The narrative at the beginning of the legislative session centered around Gov. Dannel P. Malloy butting heads with Democratic legislative leaders, but in the end with just hours left in the session that narrative never played out.

House Speaker Chris Donovan, D-Meriden, said this is the first time in many years that Democrats had a governor who was not fighting against the legislature. He said people speculated there would be internal Democratic battles between the legislature and the first Democratic governor in 20 years, but “it was all about substance over style.”

Not even the two-year, $40.11 billion budget, which includes about $800 million in spending cuts, $2.6 billion in tax increases, and asks for $1.6 billion in union concessions created many inner party fights.

There was very little Democratic dissent even on the budget.  In the end, they stood side-by-side with Malloy in May to announce the earliest budget agreement in recent memory.

Aside from the fiscal harmony, there was also plenty of agreement on a social agenda. The governor and Democrat-controlled legislature worked together on things such as in-state tuition for undocumented residents, paid sick days, decriminalizing small amounts of marijuana, a transgender rights bill, earned income tax credit, and health care pooling. Many of those pieces of legislation didn’t have the support of former Gov. M. Jodi Rell, who stymied their passage by the Democrat-controlled legislature and in some instances vetoed the proposals.

“I’m blessed to work with a great House Democratic caucus,” Donovan added. “If we do have problems we work them out. We don’t get mad, we work things out.”

Sen. President Donald Williams, D-Brooklyn, said the Democrat vs. Democrat narrative “gives pundits something to write about,” but there was never any truth to it. “People predicted that there would be no budget on time and that we would be here fighting, Democratic legislators against a Democratic governor, but they were wrong.”

“We have a governor who stood behind his proposals, which is what we would expect from a governor,” Williams said.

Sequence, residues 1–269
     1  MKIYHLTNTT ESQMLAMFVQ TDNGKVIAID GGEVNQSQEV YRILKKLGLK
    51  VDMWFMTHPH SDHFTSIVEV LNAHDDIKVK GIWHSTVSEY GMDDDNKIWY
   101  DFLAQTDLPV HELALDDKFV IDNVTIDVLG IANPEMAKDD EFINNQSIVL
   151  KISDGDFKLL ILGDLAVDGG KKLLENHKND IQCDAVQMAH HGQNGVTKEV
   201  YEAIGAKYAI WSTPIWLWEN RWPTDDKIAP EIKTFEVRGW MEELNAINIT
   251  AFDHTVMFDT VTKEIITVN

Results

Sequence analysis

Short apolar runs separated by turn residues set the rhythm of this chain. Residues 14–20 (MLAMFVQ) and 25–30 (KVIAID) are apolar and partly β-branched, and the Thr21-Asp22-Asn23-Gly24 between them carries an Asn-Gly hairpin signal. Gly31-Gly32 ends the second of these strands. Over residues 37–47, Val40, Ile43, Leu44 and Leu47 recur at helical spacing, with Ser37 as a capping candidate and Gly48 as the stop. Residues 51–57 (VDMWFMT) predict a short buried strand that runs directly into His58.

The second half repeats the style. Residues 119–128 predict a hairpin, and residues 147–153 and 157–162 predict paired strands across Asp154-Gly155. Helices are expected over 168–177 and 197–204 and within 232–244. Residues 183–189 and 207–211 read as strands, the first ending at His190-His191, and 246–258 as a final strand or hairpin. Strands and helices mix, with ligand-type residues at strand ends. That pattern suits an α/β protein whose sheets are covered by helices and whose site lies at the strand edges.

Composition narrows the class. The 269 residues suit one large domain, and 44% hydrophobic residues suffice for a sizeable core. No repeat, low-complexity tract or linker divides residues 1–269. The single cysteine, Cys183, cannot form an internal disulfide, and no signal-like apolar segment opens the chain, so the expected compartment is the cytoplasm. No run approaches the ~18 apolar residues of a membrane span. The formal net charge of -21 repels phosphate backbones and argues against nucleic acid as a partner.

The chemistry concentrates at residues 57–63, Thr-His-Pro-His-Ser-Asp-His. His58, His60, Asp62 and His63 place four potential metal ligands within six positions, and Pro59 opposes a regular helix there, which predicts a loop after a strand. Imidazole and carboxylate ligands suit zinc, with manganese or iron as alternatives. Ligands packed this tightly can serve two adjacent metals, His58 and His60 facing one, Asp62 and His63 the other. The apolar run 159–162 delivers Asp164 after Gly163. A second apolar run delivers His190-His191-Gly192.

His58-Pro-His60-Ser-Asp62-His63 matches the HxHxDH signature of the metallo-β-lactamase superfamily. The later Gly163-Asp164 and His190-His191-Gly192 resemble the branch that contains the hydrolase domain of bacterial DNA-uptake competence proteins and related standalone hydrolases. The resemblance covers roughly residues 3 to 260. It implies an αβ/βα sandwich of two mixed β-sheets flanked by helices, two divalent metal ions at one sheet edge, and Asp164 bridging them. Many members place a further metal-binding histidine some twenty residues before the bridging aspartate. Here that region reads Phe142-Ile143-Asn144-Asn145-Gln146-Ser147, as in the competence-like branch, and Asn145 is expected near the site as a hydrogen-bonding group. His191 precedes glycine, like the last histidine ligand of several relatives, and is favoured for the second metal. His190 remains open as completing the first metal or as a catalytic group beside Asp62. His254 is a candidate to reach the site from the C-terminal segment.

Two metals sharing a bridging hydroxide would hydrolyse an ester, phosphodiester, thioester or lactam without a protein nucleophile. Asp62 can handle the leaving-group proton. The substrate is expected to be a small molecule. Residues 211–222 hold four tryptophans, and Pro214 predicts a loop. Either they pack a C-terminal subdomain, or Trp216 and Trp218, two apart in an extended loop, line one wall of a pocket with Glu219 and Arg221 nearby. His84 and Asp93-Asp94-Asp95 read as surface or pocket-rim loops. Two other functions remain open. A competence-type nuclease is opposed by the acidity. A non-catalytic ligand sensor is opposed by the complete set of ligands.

Republican lawmakers, who were sidelined for budget negotiations, said Malloy was “phenomenally successful in shoving his agenda” through the General Assembly practically neutering the legislature as a separate and equal branch of government. Republicans were left with few tools to slow down what they described as “a moving freight train.”

“The irony of all this is it’s not the will of the populous of the state,” House Minority Leader Lawrence Cafero, R-Norwalk, said Wednesday “Connecticut has always taken pride in its moderate lifestyle.”

Cafero agreed this New York Times article summed up appropriately the direction of the session as the most liberal and progressive in recent memory.

Sen. Minority Leader John McKinney, R-Fairfield, said that’s because it’s the first time a Republican or Independent hasn’t been in the governor’s office to stop the liberal legislature.

“What I believe is that the legislature, as a majority, does not accurately reflect a majority people in the state of Connecticut,” McKinney said. “A lot of things that the more liberal or progressive wing of the Democratic party tried to adopt in the past has been stopped by a Republican or Independent governor. That’s no longer the case.”

According to the New York Times article, Malloy is taking the state in a different direction than other traditionally Democratic states such as New York and New Jersey.

McKinney agreed. “Even Governor Malloy has said I’m taking this state in a direction other states aren’t going in,” he said.

Williams didn’t necessarily agree. It’s not exactly a liberal, progressive approach, but a “middle of the road approach,” to balancing its budget and not cutting education aid and funding for cities and towns, Williams said.

Republicans respectfully disagree.

Cafero said when Malloy won election he touted himself as a fiscal conservative and a social moderate.

“He’s a tax and spender, whose to the left of most issues,” Cafero said.